Actor, comedian, TV personality, UFC color commentator and podcast host Joe Rogan has achieved a level of success in life to which very few can lay claim.
His entertainment industry profile reads like a Hollywood dream sheet. He has been a comedy specials creator and host of the popular reality series "Fear Factor." Currently, he has put together what may arguably be deemed the most successful podcast in the world.
Back in his early teens, Rogan developed an interest in martial arts. His first martial art was Taekwondo. He would go on to earn the title of Massachusetts full-contact state champion for four consecutive years.
At one time he thought he might become a professional kickboxer. Instead he took on the role of stand-up comic, which eventually propelled him to the stage at The Comedy Store in Hollywood.
Rogan had some acting roles too, including being part of the NBC sitcom "NewsRadio" cast. It was here that he would become friends with fellow "NewsRadio" cast member Phil Hartman.
During a discussion between the two, Hartman shared with Rogan that he was experiencing some difficulties in his marriage. On numerous occasions, Rogan tried to convince the SNL standout that it might be better for him if he left his wife.
Hartman failed to accept Rogan’s advice, saying that he wanted to remain in the marriage for the sake of the children.
No one could have known about the tragedy that awaited. In 1998 Hartman’s life would end at the hands of his wife.
The loss of his friend deeply impacted Rogan, and he canceled a series of performances that had been scheduled. But time heals and spirits are renewed.
He would later secure the role of backstage and post-fight interviewer for the Ultimate Fighting Championship (UFC). An eventual friendship with UFC president Dana White afforded him the opportunity to earn the post of color commentator for the fights. Four times he would be named MMA Personality of the Year by the World MMA Awards.
Rogan started hosting the NBC show "Fear Factor" in 2001. He continued to do stand-up performances even as he carried out his host duties on "Fear Factor," which went on for six straight seasons, with a seventh season airing years later in 2011.
A very busy man, he would become co-host of Comedy Central's "The Man Show" in 2003.
At the end of 2009, he ventured into the podcasting world with a fellow comedian named Brian Redban. The title of the podcast would later be whittled down to a single host’s name. It rose to fame and lives on as "The Joe Rogan Experience."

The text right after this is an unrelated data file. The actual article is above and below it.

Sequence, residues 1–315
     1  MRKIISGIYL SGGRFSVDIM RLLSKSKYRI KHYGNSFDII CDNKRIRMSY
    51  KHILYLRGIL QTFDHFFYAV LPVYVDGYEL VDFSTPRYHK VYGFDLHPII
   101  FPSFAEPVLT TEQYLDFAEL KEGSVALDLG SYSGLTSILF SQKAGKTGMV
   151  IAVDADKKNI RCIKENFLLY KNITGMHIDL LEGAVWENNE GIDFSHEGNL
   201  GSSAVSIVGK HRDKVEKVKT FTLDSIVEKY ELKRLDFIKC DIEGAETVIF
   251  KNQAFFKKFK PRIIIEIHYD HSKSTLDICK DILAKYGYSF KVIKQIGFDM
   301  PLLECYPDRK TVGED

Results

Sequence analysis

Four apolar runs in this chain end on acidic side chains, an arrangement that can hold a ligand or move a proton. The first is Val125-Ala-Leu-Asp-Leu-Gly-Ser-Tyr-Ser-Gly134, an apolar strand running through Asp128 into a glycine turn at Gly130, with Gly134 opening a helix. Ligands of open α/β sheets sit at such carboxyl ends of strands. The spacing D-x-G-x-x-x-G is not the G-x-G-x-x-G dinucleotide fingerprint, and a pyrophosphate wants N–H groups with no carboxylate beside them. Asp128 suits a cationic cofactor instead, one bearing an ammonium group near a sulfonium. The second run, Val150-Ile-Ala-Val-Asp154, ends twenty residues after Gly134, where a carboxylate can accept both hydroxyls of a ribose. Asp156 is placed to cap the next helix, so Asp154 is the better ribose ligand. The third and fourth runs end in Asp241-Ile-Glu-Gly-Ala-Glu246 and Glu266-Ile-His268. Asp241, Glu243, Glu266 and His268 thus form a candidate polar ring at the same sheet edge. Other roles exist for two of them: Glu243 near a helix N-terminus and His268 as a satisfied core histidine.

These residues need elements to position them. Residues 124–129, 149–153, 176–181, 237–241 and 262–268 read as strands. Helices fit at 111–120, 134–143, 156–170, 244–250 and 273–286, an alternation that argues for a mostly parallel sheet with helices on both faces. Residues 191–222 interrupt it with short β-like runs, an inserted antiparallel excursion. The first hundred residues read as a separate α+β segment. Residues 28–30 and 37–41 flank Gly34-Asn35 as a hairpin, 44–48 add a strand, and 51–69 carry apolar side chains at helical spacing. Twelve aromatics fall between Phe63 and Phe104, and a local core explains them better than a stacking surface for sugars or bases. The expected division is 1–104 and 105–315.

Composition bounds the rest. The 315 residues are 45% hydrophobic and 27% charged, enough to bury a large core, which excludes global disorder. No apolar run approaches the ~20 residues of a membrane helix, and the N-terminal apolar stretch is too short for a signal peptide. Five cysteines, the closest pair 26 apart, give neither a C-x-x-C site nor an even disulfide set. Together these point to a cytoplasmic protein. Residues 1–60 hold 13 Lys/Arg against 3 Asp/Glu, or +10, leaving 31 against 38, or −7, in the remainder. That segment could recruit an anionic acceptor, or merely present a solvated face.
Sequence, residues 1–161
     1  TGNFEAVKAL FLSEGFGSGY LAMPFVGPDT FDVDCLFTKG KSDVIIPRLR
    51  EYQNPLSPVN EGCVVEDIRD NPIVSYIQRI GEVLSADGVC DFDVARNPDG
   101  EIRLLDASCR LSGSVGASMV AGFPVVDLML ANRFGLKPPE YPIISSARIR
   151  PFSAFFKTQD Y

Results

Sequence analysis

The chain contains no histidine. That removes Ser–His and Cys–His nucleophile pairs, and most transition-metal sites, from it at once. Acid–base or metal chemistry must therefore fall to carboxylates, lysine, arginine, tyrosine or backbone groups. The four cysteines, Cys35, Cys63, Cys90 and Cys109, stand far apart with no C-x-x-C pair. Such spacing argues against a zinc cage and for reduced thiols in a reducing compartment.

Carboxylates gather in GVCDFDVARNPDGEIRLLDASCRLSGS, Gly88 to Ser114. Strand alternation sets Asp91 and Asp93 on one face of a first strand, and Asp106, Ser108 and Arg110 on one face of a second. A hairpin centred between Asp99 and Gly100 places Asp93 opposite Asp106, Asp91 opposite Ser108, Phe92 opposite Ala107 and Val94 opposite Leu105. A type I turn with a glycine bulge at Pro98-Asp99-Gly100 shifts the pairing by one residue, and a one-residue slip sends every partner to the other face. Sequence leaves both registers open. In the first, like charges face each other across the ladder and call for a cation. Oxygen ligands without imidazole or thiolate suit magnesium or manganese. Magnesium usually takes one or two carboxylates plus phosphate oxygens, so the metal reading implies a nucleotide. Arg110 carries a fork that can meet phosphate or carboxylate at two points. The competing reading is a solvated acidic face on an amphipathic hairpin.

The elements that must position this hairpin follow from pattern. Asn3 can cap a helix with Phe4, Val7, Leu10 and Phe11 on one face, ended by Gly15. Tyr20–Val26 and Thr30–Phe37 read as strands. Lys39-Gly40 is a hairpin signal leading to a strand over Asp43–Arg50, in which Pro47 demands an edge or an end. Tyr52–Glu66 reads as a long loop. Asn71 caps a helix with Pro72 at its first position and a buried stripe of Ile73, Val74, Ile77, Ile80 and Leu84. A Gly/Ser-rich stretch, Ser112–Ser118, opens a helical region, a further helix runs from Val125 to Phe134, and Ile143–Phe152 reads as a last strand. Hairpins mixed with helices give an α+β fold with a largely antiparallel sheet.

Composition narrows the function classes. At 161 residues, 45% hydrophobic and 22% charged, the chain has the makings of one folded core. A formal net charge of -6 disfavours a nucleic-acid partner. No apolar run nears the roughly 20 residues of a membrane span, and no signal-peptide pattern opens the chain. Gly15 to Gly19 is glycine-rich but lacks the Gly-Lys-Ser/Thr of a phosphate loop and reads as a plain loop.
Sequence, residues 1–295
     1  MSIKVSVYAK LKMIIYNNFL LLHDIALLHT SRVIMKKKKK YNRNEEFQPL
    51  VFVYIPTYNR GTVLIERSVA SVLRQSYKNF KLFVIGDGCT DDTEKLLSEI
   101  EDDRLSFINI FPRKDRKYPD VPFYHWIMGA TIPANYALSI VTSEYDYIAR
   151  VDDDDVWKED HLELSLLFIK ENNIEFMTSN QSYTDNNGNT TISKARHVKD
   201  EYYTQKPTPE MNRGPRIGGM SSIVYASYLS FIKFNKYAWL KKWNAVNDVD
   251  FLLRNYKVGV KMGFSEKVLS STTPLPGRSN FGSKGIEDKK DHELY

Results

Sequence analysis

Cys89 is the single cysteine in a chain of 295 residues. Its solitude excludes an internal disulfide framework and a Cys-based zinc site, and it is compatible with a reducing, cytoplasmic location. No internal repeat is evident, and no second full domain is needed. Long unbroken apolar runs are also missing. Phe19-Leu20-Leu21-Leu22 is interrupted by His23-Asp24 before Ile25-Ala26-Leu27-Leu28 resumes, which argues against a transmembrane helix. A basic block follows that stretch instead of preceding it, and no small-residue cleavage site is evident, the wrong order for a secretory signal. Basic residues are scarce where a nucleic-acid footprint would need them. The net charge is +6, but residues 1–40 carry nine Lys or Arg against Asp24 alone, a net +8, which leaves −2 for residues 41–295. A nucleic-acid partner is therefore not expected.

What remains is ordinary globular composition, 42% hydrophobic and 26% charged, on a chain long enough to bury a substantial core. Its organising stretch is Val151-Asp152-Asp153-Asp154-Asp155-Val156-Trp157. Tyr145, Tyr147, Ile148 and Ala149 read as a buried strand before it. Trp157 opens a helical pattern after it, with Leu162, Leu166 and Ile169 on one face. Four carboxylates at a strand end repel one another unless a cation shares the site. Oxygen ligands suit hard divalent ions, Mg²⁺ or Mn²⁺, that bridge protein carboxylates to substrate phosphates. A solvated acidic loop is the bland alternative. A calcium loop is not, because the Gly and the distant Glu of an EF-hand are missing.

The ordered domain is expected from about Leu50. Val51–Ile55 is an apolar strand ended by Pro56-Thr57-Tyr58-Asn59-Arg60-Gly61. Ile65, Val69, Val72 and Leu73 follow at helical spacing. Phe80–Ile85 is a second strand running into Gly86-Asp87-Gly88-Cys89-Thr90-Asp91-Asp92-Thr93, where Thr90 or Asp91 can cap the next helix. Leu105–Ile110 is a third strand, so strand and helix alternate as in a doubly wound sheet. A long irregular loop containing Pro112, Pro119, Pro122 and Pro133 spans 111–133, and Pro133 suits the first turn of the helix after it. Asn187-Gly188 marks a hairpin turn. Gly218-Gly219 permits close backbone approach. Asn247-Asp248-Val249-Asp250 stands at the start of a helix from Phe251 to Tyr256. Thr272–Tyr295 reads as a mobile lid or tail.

The podcast features an interview format on a wide variety of topics, with a special emphasis on politics, philosophy and news. It was first picked up by SiriusXM Satellite Radio and later by Spotify in a record-breaking $100 million deal.
Most recently, Rogan became the unfortunate target of the cancel culture crowd.
His crime? Asking questions about vaccine mandates and COVID therapies. And having the gall to have expert guests appear on his show to explain their positions.
After Rogan himself tested positive for COVID-19, he chose to use Ivermectin as part of a therapy to regain his health. CNN anchors, including Jim Acosta, Brian Stelter, Erin Burnett and Jim Sciutto, went on the attack and attempted to smear and denigrate him.
CNN’s Chief Medical Correspondent Sanjay Gupta made an appearance on Rogan's podcast. It was here that Rogan took the opportunity to confront the guest regarding the network’s false characterization of Ivermectin, which Rogan had used to facilitate his recovery. CNN had labeled the medication a "horse dewormer."
"It's a lie," Rogan said during the interview. "It's a lie on a news network … and it's a lie that they're conscious of. It's not a mistake. They're unfavorably framing it as veterinary medicine."
He asserted that CNN mischaracterized a drug that has been "given out to billions and billions of people."
Part of Rogan's appeal is just this – people love his blunt approach.
Gupta quickly found out that Rogan was not going to mince words during the interview.
"Why would they lie and say that's horse dewormer?" Rogan asked Gupta. "Don't you think that a lie like that is dangerous on a news network when you know that they know they're lying? … Do you think that that's a problem that your news network lies?"
Like a fighter who out-maneuvers his opponent, Rogan further drove his point home, emphasizing that CNN is Gupta's employer.
"Does it bother you that the network you work for out and out lied, just outright lied about me taking horse dewormer?" Rogan grilled Gupta.
Finally Gupta conceded, using the phrase "they shouldn't have said that."
As for Rogan, the round continued with him landing some additional verbal punches.
"Why did they do that?" Rogan asked.
"I don't know," Gupta responded.
"You didn't ask [CNN management]? You're the medical guy over there!" Rogan pointed out.
The now very uncomfortable Gupta admitted that he should have asked.
It was then that Rogan, having transformed into a media critic, moved the focus to the central issue; that is, the responsibility and credibility of Gupta's network.
"My point is you're working for a news organization," he said.
Rogan added the following flurry: "If they're lying about a comedian taking horse medication, what are they telling us about Russia? What are they telling us about Syria? Do you understand that that's why people get concerned about the veracity of the news?"
With that, the interview effectively ended with what in Rogan's former profession is called – a technical knockout.
James Hirsen, J.D., M.A., in media psychology, is a New York Times best-selling author, media analyst, and law professor. Visit Newsmax TV Hollywood. Read James Hirsen's Reports — More Here.
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